Document Dump: Trove of Sarah Palin’s Official Emails to be Released

Jun 10, 2011 11:49am

ABC News’ Michael Falcone (@michaelpfalcone) and The Daily Beast’s Shushannah Walshe (@shushwalshe) report:

JUNEAU, Alaska — Nearly 25,000 pages of emails from the administration of former Alaska Gov. Sarah Palin are about to meet the prying eyes of reporters and the public on Friday. 

The document release is part of a Freedom of Information Act request filed in 2008 by news organizations and private citizens shortly after Palin was chosen as Sen. John McCain’s running mate on the Republican presidential ticket.

Back then, little was known about the Alaska governor, but after Palin’s email was hacked during the presidential race, we learned that she conducted a great deal of state business via a personal account.

Friday’s release will cover all of the emails Palin sent, received or was copied on using her official state address from her inauguration in December 2006 through September 2008 — the month after McCain tapped her to be the vice presidential nominee.

It is unknown what document divers will find in trove of messages, but the time period covers her early legislative achievements as the youngest and first female governor of Alaska — including her efforts to increase taxes on oil companies and develop a natural gas pipeline as well as passing stronger ethics laws.  It also includes the so-called Troopergate scandal, an episode that became a minor national issue on the 2008 campaign trail but turned into a major potential abuse of power scandal in her home state.

Palin’s use of her private email addresses for state business was likely an attempt to avoid record requests like this one. Therefore, Friday’s release will include emails that are deemed “state business” sent to and from her Yahoo accounts to the official state government accounts of 50 of her top aides and cabinet members. Emails sent from Palin’s personal accounts to other aides’ personal accounts may never see the light of day although a lawsuit is pending to try to release those as well.

Local and national journalists have descended upon Juneau, a town of about 30,000 whose population fluctuates in the summer based on the number of tourists docking in cruise ships at its port, to get a first look at the messages.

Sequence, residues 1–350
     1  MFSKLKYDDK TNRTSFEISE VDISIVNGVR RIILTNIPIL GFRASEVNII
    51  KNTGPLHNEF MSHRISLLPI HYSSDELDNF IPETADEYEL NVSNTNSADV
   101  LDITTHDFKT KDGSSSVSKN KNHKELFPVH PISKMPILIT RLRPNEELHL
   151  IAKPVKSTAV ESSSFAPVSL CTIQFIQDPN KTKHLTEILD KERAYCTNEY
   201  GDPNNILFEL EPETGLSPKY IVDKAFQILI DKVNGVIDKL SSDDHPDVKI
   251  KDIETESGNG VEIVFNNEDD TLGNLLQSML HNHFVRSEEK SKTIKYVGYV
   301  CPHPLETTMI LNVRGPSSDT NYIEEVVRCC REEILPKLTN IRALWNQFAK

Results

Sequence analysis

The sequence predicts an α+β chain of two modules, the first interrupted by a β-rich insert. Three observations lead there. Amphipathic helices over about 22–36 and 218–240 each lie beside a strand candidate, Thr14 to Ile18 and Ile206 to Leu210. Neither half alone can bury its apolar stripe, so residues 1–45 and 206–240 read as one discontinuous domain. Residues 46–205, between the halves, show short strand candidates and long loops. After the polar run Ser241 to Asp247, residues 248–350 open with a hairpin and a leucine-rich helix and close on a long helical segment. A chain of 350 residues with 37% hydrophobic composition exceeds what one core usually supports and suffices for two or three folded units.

ABC News will mine the documents for interesting information and other nuggets from the 24,199 pages of emails, which requesting organizations will be receiving later Friday morning in 6 boxes weighing 55 lbs each.

The Alaska governor’s office, which is handling the release, is distributing a total of 132 boxes on Friday and another 18 boxes on Monday to news outlets, several state offices and state legislators who requested them and paid the more than $700 copying fee for each set of documents.

At the center of it all is Linda Perez, the administrative director in the governor’s office, who was holed up Thursday afternoon in a state office building known around town as the “Spam Can” (it’s architecture resembles a container of the popular lunch meat). Perez, whose office is adorned with the skin of a massive Denali grizzly bear, offered us a glimpse of the boxes being readied for release at 9 a.m. Alaska time on Friday.

Portions of the messages will be redacted — though it’s unclear how much — and it is important to note that these emails are being released by the administration of Gov. Sean Parnell, Palin’s Republican Lieutenant Governor who took over for her after her surprising resignation in July 2009. Many of the people who worked in the Palin administration now work for Parnell.

A total of 2,275 pages are being withheld from the release with the state citing privacy reasons, among other concerns.

Gov. Parnell’s deputy press secretary, Sharon Leighow, who also served in Palin’s communications office will be on hand in Juneau on Friday to answer reporters’ questions.

And Friday’s mammoth email release will not be the end of the story. Another batch of Palin’s messages, covering the period from October 2008 to her resignation, are set to be made public although it is unclear when.

ABC News’ Eloise Harper and Laura Ganis contributed reporting.


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